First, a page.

Whether dubbed “climate extremes” or “global weirding”, we have been witnessing some surprising and concerning weather events. In Europe, seasons seem to be changing, but not consistently. Since the turn of the millennium, the UK in particular has experienced record-breaking summer heatwaves, extraordinary rainfall in different seasons, and winters extreme in both warmth and cold. Something seems wrong, and we don’t have a complete understanding of what is going on.
Winters have been likewise variable. Mild winters dominated the 2000s until a sequence of two remarkably cold and snowy seasons in 2009-10 and 2010-11. The epic stormy winter of 2013-14 then saw destructive waves at coastlines around the western UK and record rainfall in southern England.
Most recently, in late 2015, the UK experienced exceptionally mild conditions, accompanied in November and December by record-breaking rainfall and devastating floods. December 2015 was the warmest on record in central England (these records date back to 1659, and also smashed previous records in Germany and Switzerland. This coincided with exceptional December warmth along the East Coast of the US with cities like New York and Boston experiencing their warmest Christmas on record.
Many of the above are warm weather events, the sort you might expect to happen more frequently thanks to our changing climate. However, the extent to which standing records have been shattered – in such a short space of time – is astounding. This suggests some sort of regional effect may have amplified the extremes experienced around the North Atlantic.
So what’s behind all this extreme weather? Some have sought links to changes in the Arctic, in the tropics, or in solar activity. And all of these do influence the “jet stream” high in the atmosphere that guides and drives weather over Europe and North America.
But there’s a more local factor: temperature patterns in the North Atlantic. To appreciate the extent and speed of recent changes, consider these maps of some recent sea surface temperature anomalies. Since our climate has warmed, the anomalies are calculated relative to a “new normal” – average conditions over the millennium to date (2000-15), rather than earlier cooler times. This emphasises the recent warm-cool swings.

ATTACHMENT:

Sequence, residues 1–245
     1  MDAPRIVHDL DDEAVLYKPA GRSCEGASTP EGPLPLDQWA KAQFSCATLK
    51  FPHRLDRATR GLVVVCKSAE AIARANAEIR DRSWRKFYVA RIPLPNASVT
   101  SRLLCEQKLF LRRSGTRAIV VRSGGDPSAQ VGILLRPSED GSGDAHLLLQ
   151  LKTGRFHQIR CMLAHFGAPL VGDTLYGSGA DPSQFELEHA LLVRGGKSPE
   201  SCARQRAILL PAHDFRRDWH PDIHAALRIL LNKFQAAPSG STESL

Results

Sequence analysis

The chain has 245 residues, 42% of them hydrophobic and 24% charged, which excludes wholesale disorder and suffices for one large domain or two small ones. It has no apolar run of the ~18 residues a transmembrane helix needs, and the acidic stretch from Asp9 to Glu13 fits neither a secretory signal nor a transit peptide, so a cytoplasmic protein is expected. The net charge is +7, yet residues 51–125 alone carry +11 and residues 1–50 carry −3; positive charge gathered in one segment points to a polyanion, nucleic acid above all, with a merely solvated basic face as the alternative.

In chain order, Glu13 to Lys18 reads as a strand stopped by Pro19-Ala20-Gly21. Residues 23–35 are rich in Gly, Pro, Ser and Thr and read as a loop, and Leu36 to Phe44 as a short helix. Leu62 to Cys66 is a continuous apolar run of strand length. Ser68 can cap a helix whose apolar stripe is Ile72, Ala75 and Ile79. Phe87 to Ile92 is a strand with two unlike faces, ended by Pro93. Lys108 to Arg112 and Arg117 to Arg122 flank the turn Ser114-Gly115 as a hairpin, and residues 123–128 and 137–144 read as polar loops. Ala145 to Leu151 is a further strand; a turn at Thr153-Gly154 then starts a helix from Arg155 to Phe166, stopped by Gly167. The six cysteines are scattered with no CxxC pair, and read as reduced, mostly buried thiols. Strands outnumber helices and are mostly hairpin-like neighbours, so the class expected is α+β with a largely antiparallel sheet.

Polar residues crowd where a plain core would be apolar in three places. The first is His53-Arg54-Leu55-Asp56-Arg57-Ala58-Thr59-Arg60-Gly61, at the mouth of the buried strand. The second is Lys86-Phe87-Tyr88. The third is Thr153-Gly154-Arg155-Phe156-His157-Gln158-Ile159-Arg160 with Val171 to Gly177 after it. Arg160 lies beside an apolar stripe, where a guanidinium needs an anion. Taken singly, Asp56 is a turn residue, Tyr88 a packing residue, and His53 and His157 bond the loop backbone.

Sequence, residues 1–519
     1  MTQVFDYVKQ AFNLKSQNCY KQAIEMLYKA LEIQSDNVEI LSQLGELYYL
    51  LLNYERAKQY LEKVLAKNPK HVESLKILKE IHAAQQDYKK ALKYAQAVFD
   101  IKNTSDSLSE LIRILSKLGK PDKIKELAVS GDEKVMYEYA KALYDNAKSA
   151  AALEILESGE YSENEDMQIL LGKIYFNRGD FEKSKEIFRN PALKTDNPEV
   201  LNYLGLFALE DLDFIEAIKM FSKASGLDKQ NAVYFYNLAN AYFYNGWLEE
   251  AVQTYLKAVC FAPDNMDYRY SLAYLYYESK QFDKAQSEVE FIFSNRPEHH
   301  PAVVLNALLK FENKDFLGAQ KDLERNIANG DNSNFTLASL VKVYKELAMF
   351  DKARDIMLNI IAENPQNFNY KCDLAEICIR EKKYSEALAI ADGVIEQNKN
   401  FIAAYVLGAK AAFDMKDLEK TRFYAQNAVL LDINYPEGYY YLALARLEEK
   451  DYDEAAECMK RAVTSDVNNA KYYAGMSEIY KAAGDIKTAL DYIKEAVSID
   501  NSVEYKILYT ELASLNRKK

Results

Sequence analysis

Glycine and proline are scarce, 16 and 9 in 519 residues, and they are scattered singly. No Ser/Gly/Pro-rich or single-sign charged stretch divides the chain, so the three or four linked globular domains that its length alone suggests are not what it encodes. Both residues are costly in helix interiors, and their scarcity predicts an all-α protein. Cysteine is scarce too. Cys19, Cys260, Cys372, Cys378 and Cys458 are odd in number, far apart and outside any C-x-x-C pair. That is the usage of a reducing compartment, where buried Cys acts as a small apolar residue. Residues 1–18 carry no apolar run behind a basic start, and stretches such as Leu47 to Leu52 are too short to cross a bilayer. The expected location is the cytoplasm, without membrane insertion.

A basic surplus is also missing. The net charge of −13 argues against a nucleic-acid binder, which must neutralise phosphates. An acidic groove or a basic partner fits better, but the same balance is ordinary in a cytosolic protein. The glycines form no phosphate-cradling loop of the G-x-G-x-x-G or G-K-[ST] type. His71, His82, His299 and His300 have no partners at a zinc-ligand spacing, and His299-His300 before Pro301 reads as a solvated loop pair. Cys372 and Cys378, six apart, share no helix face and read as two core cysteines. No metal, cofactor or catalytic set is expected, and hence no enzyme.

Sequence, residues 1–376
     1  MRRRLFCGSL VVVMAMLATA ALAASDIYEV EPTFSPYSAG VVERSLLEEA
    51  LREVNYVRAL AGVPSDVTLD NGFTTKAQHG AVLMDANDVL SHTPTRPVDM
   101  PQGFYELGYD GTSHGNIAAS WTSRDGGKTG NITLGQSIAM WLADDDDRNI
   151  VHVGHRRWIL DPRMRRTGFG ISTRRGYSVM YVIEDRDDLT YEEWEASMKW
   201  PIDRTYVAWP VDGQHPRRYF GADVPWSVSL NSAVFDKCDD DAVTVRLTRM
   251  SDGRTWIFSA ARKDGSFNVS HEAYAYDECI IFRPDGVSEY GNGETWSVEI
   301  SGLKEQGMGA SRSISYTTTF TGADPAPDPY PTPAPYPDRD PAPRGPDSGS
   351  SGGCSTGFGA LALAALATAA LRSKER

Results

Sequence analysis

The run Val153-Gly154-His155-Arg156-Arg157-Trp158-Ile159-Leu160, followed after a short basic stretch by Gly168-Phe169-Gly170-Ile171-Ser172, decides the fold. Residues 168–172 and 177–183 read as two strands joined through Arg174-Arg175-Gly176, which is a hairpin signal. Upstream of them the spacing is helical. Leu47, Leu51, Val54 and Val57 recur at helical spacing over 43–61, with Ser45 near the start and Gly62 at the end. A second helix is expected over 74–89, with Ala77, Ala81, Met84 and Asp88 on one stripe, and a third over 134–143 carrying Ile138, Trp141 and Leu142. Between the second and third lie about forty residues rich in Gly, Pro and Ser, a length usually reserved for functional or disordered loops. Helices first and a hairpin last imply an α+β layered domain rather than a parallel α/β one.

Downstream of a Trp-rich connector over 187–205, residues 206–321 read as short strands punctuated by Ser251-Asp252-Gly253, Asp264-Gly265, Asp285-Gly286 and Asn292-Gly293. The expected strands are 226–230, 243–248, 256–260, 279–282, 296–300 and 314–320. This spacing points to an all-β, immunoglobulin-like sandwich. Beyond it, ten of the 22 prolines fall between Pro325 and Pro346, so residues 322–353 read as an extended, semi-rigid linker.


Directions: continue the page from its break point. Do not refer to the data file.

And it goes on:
We’ve witnessed striking changes. The winter of 2009-10 saw the development of a classic “tripole” pattern comprising positive (warm) anomalies in the tropics and subpolar latitudes, sandwiching negative (cool) anomalies in between. The temperature anomalies were clearly established by the end of that winter, in March 2010. This well-known pattern disappeared at the ocean surface through summer 2010, but persisted beneath the waves and re-emerged in the early winter of 2010-11.
The “tripole” partly explains the UK’s record low temperatures and snowfall during those two winters, by helping to establish weaker low and high pressure centres around Iceland and the Azores respectively. With this change in pressure pattern, the UK is more dominated by cold Arctic and Eurasian air.
The ‘cold blob’
Very different conditions unfolded through winter 2013-14. By March 2014, a “cold patch” had developed in the Atlantic south of Greenland. It proved resilient. The cold patch again survived summer and not only re-emerged but remarkably intensified through last year, peaking in August, and persisting into November and December of 2015. In fact, across the two hottest years on record, that region of the Atlantic has stood out for actually being colder than usual.
This has a big knock-on effect elsewhere. The cold patch may have displaced and invigorated the jet stream and exposed the UK to a flow of mild and moist Atlantic air from the south-west, which links it to the very unusual recent weather.
It’s not just the UK, either. These changes in the Atlantic coincided with extremes across eastern North America and Europe – those warm Christmases – though other influences, such as the current El Niño, are clearly important too.
It’s too early to say how much the Atlantic may have influenced strange weather elsewhere, but anomalous warmth in the western subtropics and the Gulf of Mexico late last year is also noteworthy, and may be linked to those balmy conditions in the eastern US.
Changes in weather extremes are both breathtaking in scale and serious in consequence. And it’ll get worse before it gets better. Despite agreements aimed at limiting global warming to 2°C, we still face dangerous climate variability. As shown in the maps above, rapid “unseasonal” temperature fluctuations already often exceed 1-2°C across large regions of the North Atlantic.
So as the world warms, we are carefully monitoring our oceans, and how they are interacting with the atmosphere – this is key to a better understanding of extreme weather and seasonal predictions. There has never been a more important time to get to grips with our volatile climate.